• •

John Moreland

Big Bad Luv

4AD

Big Bad Luv is the Oklahoma-born Moreland’s fourth major release, and it continues his string of “songs to make you cry”. From the rollicking “Sallisaw Blue” to heart-breaking “Lies I Chose to Believe”, Moreland reminds you of fellow Okie J.J. Cale on some cuts, or a red-dirt Elliot Smith on others. He’s got something rare and true.

• •

James Elkington

Wintres Woma

Paradise of Bachelors

James Elkington is one of those six-string wunderkinds, but like a Bert Jansch or Richard Thompson, (who he’s played with), Elkington writes actual songs, not just 3 minutes of fretboard fury. Wintres Woma sounds as if Pentangle went indie rock with moments such as “Make It Up” and “Any Afternoon”. Pick it up for the dazzling guitar work, but play it again for the 11 cuts of great songwriting.

Categories
Features

Year in Review

Year in Review

As the year winds down and I spy the pile of quality music that I did NOT get a chance to review, I am (sorta) making up for it with these short synopses of some worthy releases. So many great records dropped and although I did not get to write full pieces, they warrant honorable mention at the very least. Stocking stuffer fodder, for sure!

• •

Ronnie Baker Brooks

Times Have Changed

Provogue/Mascot Label Group

Chicago blues with a healthy splash of R&B are at their finest on this eleven-song release recorded in 2013, five of which are originals penned by Brooks. Produced by Steve Jordan and featuring a myriad of guests including Steve Cropper, “Big Head” Todd Mohr, Angie Stone, Al Kapone, Felix Cavaliere, Lee Roy Parnell, the late Bobby “Blue” Bland, and Brooks’ blues-legend father, Lonnie Brooks, who died earlier this year, the blues don’t get any tighter than this. But the R&B side shines as well. The Curtis Mayfield cover “Give Me Your Love” oozes sensuality with Stone sharing vocals, while the Robert Cray/Eric Clapton-penned “Old Love” gets a fresh take with Bland on lead vocals. Co-written with Brooks, Keb’ Mo’ and Kevin So, “Wham Bam Thank You Sam” is vintage Keb’ – one listen and it screams Keb’ Mo’. The poignant ballad, “When I Was We,” tears at the heartstrings and features lovely strings accompaniment. Brooks has really put forth a winner with this one, his first record in ten years.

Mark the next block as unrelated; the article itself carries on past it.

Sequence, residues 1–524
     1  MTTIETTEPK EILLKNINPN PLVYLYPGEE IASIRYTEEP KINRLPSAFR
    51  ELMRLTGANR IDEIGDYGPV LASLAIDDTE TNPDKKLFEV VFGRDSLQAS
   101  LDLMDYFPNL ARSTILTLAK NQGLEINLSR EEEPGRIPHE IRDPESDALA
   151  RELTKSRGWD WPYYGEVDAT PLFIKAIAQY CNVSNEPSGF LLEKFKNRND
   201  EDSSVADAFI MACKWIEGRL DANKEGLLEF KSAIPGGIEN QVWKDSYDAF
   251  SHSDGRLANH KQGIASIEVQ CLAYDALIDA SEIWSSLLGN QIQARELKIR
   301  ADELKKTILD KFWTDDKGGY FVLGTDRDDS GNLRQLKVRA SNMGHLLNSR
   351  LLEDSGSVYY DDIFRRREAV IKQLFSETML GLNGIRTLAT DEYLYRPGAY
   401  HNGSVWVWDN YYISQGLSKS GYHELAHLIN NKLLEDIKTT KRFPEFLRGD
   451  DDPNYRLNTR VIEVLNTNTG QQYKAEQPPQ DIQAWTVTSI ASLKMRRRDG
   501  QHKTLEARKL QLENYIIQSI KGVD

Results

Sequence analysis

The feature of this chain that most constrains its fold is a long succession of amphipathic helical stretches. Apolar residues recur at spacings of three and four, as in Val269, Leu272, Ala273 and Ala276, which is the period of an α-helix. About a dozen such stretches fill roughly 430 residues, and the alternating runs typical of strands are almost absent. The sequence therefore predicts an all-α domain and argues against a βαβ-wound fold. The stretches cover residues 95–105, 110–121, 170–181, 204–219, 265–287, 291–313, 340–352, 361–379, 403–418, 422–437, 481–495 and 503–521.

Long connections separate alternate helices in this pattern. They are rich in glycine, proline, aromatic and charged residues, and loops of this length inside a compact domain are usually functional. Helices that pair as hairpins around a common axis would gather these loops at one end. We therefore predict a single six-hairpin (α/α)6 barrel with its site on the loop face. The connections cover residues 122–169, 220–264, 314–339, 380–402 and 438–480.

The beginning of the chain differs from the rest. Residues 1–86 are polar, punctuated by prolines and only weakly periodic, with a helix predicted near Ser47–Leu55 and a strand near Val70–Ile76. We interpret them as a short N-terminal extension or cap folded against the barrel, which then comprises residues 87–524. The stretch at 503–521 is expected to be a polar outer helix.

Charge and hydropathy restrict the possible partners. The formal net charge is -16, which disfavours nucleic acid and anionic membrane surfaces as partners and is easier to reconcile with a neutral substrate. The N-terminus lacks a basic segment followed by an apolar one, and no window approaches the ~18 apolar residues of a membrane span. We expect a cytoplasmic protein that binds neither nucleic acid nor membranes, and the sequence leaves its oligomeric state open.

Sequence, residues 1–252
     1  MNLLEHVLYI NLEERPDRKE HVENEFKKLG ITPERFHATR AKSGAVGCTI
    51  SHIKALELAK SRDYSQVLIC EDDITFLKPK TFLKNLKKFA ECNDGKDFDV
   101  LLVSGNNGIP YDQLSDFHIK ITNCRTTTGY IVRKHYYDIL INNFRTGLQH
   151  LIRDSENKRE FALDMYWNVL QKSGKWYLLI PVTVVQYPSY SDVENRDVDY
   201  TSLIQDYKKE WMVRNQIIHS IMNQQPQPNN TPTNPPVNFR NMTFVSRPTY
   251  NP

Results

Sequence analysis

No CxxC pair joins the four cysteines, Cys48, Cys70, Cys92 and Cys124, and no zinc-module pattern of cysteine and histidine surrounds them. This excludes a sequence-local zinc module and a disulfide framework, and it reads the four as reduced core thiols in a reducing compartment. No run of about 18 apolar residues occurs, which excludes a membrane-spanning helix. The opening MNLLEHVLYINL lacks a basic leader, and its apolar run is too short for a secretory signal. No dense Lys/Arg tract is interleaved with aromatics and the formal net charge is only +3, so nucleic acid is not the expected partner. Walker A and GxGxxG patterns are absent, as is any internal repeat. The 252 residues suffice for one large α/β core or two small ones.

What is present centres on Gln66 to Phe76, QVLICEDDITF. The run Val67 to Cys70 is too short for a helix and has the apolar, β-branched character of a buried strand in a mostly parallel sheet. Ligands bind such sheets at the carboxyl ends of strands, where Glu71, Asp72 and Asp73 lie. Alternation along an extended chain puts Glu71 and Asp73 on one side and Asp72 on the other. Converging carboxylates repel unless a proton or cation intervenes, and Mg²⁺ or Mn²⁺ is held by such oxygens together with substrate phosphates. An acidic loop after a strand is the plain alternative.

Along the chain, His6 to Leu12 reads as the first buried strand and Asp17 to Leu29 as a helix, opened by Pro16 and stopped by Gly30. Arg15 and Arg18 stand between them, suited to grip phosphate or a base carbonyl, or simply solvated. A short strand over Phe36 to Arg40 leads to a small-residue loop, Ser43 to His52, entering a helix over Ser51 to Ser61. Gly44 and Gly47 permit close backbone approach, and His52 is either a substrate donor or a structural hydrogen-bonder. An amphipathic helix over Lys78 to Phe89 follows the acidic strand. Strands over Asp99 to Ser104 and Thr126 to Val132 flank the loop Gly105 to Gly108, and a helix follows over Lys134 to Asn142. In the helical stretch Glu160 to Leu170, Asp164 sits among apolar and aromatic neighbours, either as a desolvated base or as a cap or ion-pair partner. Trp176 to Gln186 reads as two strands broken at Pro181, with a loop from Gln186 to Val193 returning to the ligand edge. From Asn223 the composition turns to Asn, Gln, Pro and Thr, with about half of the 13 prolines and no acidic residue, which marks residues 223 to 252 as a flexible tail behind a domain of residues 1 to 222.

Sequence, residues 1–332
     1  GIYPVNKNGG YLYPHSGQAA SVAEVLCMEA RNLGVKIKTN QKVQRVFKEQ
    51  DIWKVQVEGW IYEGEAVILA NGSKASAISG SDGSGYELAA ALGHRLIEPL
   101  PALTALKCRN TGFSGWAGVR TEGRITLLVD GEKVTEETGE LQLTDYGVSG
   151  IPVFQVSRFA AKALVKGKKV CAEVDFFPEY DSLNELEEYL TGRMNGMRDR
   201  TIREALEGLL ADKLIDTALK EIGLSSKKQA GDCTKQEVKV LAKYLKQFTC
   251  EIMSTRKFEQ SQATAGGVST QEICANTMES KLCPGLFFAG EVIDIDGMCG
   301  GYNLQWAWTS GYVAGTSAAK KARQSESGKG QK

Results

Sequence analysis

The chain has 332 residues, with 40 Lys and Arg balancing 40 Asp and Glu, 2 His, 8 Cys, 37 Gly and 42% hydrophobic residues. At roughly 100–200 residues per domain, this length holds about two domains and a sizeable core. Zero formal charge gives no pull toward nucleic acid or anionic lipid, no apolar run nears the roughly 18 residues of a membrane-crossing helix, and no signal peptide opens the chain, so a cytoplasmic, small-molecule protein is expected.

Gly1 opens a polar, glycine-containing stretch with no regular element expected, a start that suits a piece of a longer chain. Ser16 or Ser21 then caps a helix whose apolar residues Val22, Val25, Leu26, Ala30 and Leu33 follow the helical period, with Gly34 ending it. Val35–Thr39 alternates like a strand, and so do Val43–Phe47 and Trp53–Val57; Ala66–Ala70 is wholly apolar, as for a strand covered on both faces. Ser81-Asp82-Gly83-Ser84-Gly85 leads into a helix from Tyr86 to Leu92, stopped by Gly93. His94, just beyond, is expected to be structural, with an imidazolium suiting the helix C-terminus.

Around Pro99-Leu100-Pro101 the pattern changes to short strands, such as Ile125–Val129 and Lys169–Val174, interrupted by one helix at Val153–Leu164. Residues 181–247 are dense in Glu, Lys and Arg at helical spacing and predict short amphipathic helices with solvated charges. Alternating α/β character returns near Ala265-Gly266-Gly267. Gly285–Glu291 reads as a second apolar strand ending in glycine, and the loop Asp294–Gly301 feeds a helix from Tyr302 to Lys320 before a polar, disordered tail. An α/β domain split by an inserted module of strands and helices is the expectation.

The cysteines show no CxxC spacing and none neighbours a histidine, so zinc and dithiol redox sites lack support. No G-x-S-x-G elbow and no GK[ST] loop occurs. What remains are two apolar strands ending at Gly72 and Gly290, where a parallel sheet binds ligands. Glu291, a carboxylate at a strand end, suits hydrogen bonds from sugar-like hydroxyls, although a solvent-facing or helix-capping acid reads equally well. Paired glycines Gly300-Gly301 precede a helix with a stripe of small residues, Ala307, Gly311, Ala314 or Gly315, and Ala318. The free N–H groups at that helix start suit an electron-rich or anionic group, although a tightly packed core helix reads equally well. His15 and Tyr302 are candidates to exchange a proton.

• •

Lee Roy Parnell

Midnight Believer

Vector Records

Singer/songwriter/guitarist, Lee Roy Parnell, wears many different hats. As one of the premier slide players in the music biz (and also one of the most underrated) his sound ranges from full-on Delta blues to Texas swing to soul to country to gospel to adult contemporary. This record, his long-awaited follow-up to the stellar Back to the Well (2006), once again offers a more vulnerable, reflective side of Parnell on most of the ten tracks co-written with Greg Barnhill, and the result is nothing short of brilliant. Long-time collaborators including Kevin McKendree (keys), Steve Mackey (bass) and Lynn Williams (drums), among others, and vocalist phenom/good friend Etta Britt (backing vocals) all lend their extraordinary talent to this beautiful collective. Standout pieces include “Hours In Between,” the blues-drenched title track, “Midnight Believer,” “Want Whatcha’ Have,” “Sunny Days” (backed by The Fairfield Four), the groovy “Tied Up And Tangled” and the moving closer, “Some Time Ago.” After an eleven-year hiatus, Parnell has returned with a winning album.

• •

Black Country Communion

BCCIV

Mascot Label Group

The latest release from the supergroup, produced by Kevin Shirley, kicks major ass and rock fans worldwide can rejoice in the mighty sound of Black Country Communion. The four-member band, with its Led Zeppelin/Deep Purple/Black Sabbath-inspired flavors includes former Deep Purple/Black Sabbath member Glenn Hughes on bass/vocals, Joe Bonamassa on guitar /vocals, Jason Bonham on drums/vocals and Derek Sherinian on keys. Opener “Collide” is Sabbath-influenced as opposed to “Sway” and “Love Remains,” which are pure Zep. “The Cove” touts an uber bluesy tint with a rock edge and “Wanderlust” nicely features each musician. The crowning jewel, though, is the epic “The Last Song For My Resting Place,” with its progressive sound and Celtic vibe supported by Bonamassa’s unrivaled guitar and Gerry O’Connor’s fiddle. The five-year break of this behemoth mega-group was well worth the wait.

• •

Royal Johnson

Howlin’

Georgia-based Royal Johnson has gone through several lineup changes, even since the release of this record, but the killer guitar duo/writing combo of Andy Johnson and Chance Royal has remained the one constant. Tightly produced by industry icon, Paul Hornsby who also played piano, Wurlitzer and Hammond B3, the album additionally includes bassist Kevin Vines and drummer Joanie Ferguson (who have since left the group but both did co-write some of the songs). Six of the eight cuts are originals, with an outstanding Willie Dixon cover, “Howlin’ For My Darlin'” and a wicked version of Jackie Avery’s “Voodoo In You.” The harmonica sounds of Bennie Mobley add an authentic touch to the blues groove and a lengthy list of backup singers including the fabulous E.G. Kight round out the sound. The Sly and The Family Stone-esque “Swim” and “Hot Pants Sally” feature fabulous yet understated horns while “Liquored Up,” with a decidedly “Statesboro Blues” flair and Mobley’s harp accents, will get you moving. The biggest surprise was the instrumental “Snipe Shoals,” which at moments smacks of Metallica’s “One.” Another real standout track is “Aisling,” a true ear worm. With the guidance of Hornsby’s vast experience, this gem of a record is about as solid as it gets and a credible follow-up to the band’s late 2015 debut release, Belly Up.